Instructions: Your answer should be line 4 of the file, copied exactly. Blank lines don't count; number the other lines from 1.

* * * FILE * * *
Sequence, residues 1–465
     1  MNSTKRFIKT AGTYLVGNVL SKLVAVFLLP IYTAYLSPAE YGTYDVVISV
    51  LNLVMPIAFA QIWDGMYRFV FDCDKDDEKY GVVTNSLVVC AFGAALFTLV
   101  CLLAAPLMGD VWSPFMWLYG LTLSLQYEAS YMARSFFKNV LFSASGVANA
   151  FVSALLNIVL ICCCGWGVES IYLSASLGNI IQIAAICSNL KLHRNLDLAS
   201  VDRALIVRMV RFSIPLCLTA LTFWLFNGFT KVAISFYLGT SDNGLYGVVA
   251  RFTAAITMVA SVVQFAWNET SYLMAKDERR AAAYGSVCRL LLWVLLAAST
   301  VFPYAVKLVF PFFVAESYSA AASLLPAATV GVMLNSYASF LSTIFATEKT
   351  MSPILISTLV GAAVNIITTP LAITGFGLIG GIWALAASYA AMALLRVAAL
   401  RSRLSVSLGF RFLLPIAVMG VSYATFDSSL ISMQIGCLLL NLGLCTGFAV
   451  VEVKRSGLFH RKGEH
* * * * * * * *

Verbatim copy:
   101  CLLAAPLMGD VWSPFMWLYG LTLSLQYEAS YMARSFFKNV LFSASGVANA